Sri Aurobindo makes the case that the two choices for the Reasoning Intelligence, the Buddhi, that are normally available, either an imperfect action limited by the inherent limitations of the mentality, or an abandonment of the active will and nature in order to shift the focus of the consciousness toward a one-pointed spiritual realisation, are neither the only options available for the seeker, nor the ideal option for those practicing the integral Yoga. He proposes a systematic effort that results eventually in the shifting of the standpoint of the consciousness from the mental basis to the gnostic, or supramental basis. This is not something to be achieved suddenly as the gap between the two is wide; rather, there must be a transitional phase whereby the mentality is prepared for the higher light and force of the gnostic consciousness to take charge and illumine the mind.
The gnostic consciousness is a “truth-consciousness”: “That possesses the divine unity and yet or rather therefore can govern the multiplicity and diversity: whatever selection, self-limitation, combination it makes is not imposed on it by Ignorance, but is self-developed by a power of self-possessing divine Knowledge. When the gnosis is gained, it can then be turned on the whole nature to divinise the human being. It is impossible to rise into it at once; if that could be done, it would mean a sudden and violent overshooting, a breaking or slipping through the gates of the Sun…, without near possiblity of return. We have to form as a link or bridge an intuitive or illuminated mind, which is not the direct gnosis, but in which a first derivative body of the gnosis can form. This illumined mind will first be a mixed power which we shall have to purify of all its mental dependence and mental forms so as to convert all willing and thinking into thought-sight and truth-seeing will by an illumined discrimination, intuition, inspiration, revelation. That will be the final purification of the intelligence and the preparation for the Siddhi of the gnosis.”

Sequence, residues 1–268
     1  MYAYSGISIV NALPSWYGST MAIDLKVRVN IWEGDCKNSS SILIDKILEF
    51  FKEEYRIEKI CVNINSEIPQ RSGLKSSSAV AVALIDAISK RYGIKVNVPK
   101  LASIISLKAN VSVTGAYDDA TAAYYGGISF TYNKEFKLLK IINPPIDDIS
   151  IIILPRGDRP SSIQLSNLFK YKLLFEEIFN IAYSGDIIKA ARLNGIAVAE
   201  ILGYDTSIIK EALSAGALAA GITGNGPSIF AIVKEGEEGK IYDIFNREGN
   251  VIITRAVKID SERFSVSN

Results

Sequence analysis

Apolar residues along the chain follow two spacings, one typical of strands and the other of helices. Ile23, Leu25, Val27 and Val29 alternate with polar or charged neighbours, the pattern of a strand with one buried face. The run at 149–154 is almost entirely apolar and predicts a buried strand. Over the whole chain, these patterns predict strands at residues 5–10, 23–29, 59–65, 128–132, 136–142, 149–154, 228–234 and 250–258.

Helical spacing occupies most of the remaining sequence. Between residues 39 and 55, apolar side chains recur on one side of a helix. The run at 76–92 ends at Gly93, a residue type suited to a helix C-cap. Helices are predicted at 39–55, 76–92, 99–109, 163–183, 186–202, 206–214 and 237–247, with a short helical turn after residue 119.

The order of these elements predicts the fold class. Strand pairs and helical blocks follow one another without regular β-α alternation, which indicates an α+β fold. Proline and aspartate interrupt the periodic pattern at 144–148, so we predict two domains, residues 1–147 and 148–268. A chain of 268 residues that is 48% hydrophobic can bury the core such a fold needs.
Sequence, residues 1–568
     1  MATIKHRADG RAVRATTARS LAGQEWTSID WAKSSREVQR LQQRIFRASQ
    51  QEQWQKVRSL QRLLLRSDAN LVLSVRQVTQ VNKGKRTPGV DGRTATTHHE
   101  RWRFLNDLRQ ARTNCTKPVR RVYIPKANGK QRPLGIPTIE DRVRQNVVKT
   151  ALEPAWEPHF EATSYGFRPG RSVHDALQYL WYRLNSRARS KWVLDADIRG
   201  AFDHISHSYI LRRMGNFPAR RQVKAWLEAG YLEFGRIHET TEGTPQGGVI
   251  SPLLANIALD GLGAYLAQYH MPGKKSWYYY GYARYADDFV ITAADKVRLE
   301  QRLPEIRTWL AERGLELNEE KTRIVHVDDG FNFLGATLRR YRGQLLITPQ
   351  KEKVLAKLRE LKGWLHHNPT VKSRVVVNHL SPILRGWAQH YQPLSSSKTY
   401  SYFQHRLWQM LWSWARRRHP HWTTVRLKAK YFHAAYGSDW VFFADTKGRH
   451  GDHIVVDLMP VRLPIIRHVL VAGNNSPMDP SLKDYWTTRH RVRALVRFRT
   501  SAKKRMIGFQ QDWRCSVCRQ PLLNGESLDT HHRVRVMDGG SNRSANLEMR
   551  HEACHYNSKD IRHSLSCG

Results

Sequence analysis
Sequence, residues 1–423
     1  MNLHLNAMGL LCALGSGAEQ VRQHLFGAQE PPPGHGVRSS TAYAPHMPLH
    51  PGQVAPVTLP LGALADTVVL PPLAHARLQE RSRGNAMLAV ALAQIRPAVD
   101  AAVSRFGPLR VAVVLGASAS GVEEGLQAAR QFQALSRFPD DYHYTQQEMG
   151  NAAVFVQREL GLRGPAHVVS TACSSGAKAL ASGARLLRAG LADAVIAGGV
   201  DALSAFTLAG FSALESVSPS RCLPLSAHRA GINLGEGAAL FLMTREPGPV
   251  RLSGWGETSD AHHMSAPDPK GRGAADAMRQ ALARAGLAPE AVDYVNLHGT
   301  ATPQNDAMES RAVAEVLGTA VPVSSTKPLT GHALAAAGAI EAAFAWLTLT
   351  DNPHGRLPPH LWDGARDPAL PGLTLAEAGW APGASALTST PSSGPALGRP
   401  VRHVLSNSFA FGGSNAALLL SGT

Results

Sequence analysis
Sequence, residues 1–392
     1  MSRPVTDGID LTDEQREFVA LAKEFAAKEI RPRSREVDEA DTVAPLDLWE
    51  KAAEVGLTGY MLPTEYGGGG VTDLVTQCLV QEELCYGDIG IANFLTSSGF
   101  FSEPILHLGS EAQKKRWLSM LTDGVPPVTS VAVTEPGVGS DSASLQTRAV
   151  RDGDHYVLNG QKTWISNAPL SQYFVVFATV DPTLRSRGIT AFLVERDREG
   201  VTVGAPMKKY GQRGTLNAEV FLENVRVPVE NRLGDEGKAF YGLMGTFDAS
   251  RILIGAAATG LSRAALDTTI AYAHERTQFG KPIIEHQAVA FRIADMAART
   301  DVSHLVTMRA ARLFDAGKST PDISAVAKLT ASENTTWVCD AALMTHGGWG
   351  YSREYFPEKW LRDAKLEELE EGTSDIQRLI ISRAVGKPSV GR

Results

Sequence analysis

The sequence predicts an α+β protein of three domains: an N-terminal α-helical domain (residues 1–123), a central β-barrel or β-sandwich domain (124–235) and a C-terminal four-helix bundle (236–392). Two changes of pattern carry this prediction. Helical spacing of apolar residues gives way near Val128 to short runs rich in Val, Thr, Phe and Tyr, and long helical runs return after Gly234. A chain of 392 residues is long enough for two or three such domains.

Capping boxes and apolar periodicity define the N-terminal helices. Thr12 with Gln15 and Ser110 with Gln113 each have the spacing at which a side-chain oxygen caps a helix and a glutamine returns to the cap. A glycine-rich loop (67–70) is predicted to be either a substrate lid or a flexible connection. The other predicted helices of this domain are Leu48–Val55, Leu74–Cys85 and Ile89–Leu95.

Sri Aurobindo, The Synthesis of Yoga, Part Four: The Yoga of Self-Perfection, Chapter 7, Purification–Intelligence and Will, pp. 645-646